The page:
For our industry, as we return to in-person events, I don’t think we can underestimate the profound shifts caused by the pandemic — not just the exponential rise in digitization but a shift in values. Leonhard says going forward, every organization will have to be rated on four “P’s” — people, planet, purpose, and prosperity. I think attendees will be evaluating whether to attend an event based on the first three — whether they will make meaningful connections with other participants and whether it aligns with their purpose (i.e., the work they do) as well as having a larger impact and bettering the world we live in.
The world we live in — it’s that second “P,” planet, that I am keeping my eye on. We devoted our entire November/December issue to the topic of sustainability to underscore the global events industry’s need to reckon with our heavy environmental impact. The pandemic’s pause on in-person events enabled all our stakeholders to think more deeply about this.
A recent article in Nature spotlighted how the trend toward virtual and hybrid conferences may be an effective climate change mitigation strategy. “We find that transitioning from in-person to virtual conferencing can substantially reduce the carbon footprint by 94 percent and energy use by 90 percent,” the researchers wrote. “For the sake of maintaining more than 50 percent of in-person participation, carefully selected hubs for hybrid conferences have the potential to slash carbon footprint and energy use by two-thirds.”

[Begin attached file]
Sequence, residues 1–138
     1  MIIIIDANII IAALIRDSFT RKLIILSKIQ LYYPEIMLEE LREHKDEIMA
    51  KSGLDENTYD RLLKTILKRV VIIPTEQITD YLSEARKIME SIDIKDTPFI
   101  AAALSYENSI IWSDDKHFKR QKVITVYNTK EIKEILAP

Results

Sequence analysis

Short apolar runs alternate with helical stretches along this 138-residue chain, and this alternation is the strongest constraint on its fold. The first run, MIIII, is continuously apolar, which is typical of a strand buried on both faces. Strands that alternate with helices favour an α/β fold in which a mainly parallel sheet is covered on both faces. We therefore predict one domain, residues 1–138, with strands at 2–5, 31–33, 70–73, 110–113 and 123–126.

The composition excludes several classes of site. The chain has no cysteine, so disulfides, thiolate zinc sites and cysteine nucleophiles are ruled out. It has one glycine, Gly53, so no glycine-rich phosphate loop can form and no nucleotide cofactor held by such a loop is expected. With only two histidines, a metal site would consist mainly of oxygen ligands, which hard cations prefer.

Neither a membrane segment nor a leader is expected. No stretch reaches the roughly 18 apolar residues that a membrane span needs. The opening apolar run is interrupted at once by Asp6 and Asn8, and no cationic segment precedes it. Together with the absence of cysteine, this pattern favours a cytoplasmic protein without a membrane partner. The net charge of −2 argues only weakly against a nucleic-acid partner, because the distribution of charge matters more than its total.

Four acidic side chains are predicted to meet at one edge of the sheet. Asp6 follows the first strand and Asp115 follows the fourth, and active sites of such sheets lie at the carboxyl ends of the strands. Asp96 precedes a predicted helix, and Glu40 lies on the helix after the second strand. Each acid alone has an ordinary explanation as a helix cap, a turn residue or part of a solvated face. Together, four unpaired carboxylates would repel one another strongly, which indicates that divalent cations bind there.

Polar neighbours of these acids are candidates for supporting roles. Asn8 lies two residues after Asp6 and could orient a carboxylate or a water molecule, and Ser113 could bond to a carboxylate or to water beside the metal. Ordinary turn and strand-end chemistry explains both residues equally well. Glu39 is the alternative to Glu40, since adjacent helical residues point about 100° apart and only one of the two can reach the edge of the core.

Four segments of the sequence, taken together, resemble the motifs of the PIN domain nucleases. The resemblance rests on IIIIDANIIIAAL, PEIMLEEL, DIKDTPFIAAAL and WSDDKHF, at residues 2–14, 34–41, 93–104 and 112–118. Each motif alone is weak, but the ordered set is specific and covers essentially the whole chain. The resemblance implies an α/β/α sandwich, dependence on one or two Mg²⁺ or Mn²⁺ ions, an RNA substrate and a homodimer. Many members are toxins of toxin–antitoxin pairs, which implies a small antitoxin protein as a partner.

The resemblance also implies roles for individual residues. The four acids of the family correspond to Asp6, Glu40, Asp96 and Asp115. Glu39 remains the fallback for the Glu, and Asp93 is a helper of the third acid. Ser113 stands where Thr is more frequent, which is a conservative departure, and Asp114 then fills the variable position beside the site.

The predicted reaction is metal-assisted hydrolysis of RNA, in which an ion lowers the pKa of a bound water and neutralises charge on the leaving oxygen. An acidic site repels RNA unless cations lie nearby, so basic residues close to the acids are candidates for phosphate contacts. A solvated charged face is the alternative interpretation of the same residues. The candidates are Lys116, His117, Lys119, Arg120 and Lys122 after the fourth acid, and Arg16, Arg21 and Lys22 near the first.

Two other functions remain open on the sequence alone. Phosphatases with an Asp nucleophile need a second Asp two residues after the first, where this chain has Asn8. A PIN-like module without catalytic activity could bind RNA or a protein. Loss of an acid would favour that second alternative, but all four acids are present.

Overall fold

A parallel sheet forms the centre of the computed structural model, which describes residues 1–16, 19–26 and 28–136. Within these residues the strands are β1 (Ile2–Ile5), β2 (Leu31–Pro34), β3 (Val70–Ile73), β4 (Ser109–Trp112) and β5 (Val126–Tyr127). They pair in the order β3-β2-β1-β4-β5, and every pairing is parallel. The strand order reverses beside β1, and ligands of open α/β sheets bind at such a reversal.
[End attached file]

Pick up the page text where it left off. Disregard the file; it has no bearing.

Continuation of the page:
Not words many industry organizations want to hear as they hope for in-person attendance to return to pre-pandemic levels. But having foresight, Leonhard says, involves intuition, understanding, and opening your mind to all possibilities. “The world we’re living in,” he said, “is confusing, paradoxical, ubiquitous, and chaotic — pay attention.” — Michelle Russell